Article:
Thursday, June 15, 2017

FAREWELL TO THE TONYS: NOW WHAT?






With the airing of the Tony Awards, the 2016-2017 Broadway theater season officially came to an end. So, let's take a look at some of the shows that are scheduled to open in the coming months.


1984

I've seen this one already, and I will have more to say about it after it officially opens on June 22.  For now, here are two things to think about:  (1) It pays to be very familiar with George Orwell's remarkably prescient book on which this production is based, and (2) The production is raw, rough, and edgy.  Look at Point 1 and think hard about the significance of "Room 101."  Not for the faint of heart.


Marvin's Room

Now in previews and opening on June 29, this is a revival by the Roundabout Theatre Company of Scott McPherson's 1990 play about estranged sisters who come together at the home of their elderly and bedridden father. One of this sisters, Bessie, has served as his primary caregiver, while the other one, Lee, has stayed far away. Bessie has been diagnosed with leukemia, so the ball is now in Lee's court. A well-received 1997 film version starred Diane Keaton as Bessie and Meryl Streep as Lee.  In this production, Lili Taylor (known primarily for her work in films at television) appears as Bessie, and Janeane Garofalo (a standup comic who has also done films and television) is the wisecracking and unstable Lee.  

The Terms of My Surrender

Provocative political filmmaker Michael Moore's one-man show begins previews on July 28.  It is scripted (by Mr. Moore) and has a well-established director in Michael Mayer (Tony winner for the 2007 production of Spring Awakening). Few will wander into the theater unaware that Mr. Moore is no fan of the current President of the United States, who is likely to be mentioned with some frequency and in less than glowing terms over the course of the evening.  

Prince of Broadway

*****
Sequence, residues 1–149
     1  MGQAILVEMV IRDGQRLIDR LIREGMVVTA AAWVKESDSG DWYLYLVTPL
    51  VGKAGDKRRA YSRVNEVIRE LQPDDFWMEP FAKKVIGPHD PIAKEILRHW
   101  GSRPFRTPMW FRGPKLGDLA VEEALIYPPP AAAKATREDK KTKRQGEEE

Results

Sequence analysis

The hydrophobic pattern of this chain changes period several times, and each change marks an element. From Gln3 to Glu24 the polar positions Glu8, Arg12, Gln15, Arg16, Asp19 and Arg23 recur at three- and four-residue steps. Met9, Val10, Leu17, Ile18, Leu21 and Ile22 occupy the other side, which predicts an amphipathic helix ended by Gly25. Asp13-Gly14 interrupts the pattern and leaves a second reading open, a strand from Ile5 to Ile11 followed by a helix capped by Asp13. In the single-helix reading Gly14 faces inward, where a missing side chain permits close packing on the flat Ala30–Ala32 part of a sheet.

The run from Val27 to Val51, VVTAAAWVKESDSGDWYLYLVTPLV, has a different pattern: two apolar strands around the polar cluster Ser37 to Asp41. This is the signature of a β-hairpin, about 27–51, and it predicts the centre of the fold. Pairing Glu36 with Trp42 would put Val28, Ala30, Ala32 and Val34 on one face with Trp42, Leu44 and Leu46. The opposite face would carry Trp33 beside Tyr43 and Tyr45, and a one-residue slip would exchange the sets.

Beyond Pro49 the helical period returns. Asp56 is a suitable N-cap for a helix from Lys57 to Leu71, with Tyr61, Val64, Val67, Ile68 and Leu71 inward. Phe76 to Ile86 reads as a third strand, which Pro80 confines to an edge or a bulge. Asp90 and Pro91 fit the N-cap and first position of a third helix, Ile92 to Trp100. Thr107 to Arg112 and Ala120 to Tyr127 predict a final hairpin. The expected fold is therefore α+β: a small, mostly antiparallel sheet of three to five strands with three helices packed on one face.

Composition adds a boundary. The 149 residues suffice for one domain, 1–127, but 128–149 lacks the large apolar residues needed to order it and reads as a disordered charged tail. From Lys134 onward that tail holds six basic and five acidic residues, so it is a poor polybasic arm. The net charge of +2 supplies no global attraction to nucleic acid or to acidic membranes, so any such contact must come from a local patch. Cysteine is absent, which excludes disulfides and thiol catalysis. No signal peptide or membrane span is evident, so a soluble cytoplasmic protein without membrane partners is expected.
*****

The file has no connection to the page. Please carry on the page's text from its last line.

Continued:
Begins previews on August 3. This is the long-awaited production highlighting the career of producer/director Hal Prince, the winner of 21 Tony Awards. It is a revue of songs by Stephen Sondheim, Kander & Ebb, Andrew Lloyd Webber, and many others with whom the impresario has been associated over the years.  If they don't stint on talent, including (please) a decent-sized orchestra, it could be quite entertaining. The cast includes well-known Broadway stalwarts Chuck Cooper, Emily Skinner, Tony Yazbeck, Karen Ziemba, and others of that ilk. Mr. Prince co-directs with Susan Stroman, herself a five-time Tony winner.  

Time and the Conways

Don't expect a Downton Abbey look-alike with this revival of J. B. Priestley's pre-World War II play that follows an upper class British family from 1919  to 1937.  The most exciting thing about the production is that it will be directed by Rebecca Taichman, who did a marvelously creative job helming Indecent this past season, earning a well-deserved Tony for her efforts.  Previews begin September 14. 

Junk

Playwright Ayad Akhtar, who gave us the excellent high-tension drama Disgraced and (to my mind) the even better The Invisible Hand, is back with this play about the financial mess brought about by the banking/investment industry in the 1980s. Not the first play to tackle this topic (Caryl Churchill's Serious Money from 1987, and Lucy Prebble's Enron from 2010 are two that come to mind), but Akhtar is a master at writing thrillingly about serious conflicts.  I do expect this one to be a strong entry, under Doug Hughes's direction. Previews begin September 14. 


M. Butterfly

This revival of David Henry Hwang's best known play, a Tony winner from 1988, marks a first return to Broadway for director Julie Taymor since the debacle that was Spiderman. Date for first preview is not yet set, but will probably be late September.  

The Band's Visit

As long as Katrina Lenk arrives with this Off Broadway-to-Broadway transfer, the musical (book by Itamar Moses and a terrific score by Yazbek) that won much acclaim with its debut at the Atlantic Theater Company ought to be a winner.  David Cromer once again directs. Previews begin October 7. 

Spongbob Squarepants

Ya never know -- not with music by the likes of Steven Tyler, Cyndi Lauper, Sara Bareilles, John Legend, David Bowie and others of that caliber. Could be a real hoot.  Previews begin November 6. 


Once On This Island

Revival of Lynn Ahrens/Stephen Flaherty musical fantasy from 1990 begins previews on November 9. Directed by Michael Arden, who did the honors for the recent and highly touted revival of Spring Awakening.


The Children

British playwright Lucy Kirkwood's well-received, if disturbing drama about a post-apolocyptic world is coming to New York, with a first preview on November 28.  

Farinelli and the King

Mark Rylance stars.  Need I say more?  OK.  Here's more. Written by Claire van Kampen (who is married to Mr. Rylance), the play is about the power of music to heal the mind of a Spain's depressed King Philip V. The celebrated castrato singer, Farinelli, provides the cure. Rylance plays Philip, in case you were wondering. Previews begin December 5. 






Feel free to share this blog with your friends, and to offer up your own theater stories by posting a comment. I also invite you to check out the website Show-Score.Com, where you will find capsule reviews of current plays from Yours Truly and many other New York critics. 

No comments:

Post a Comment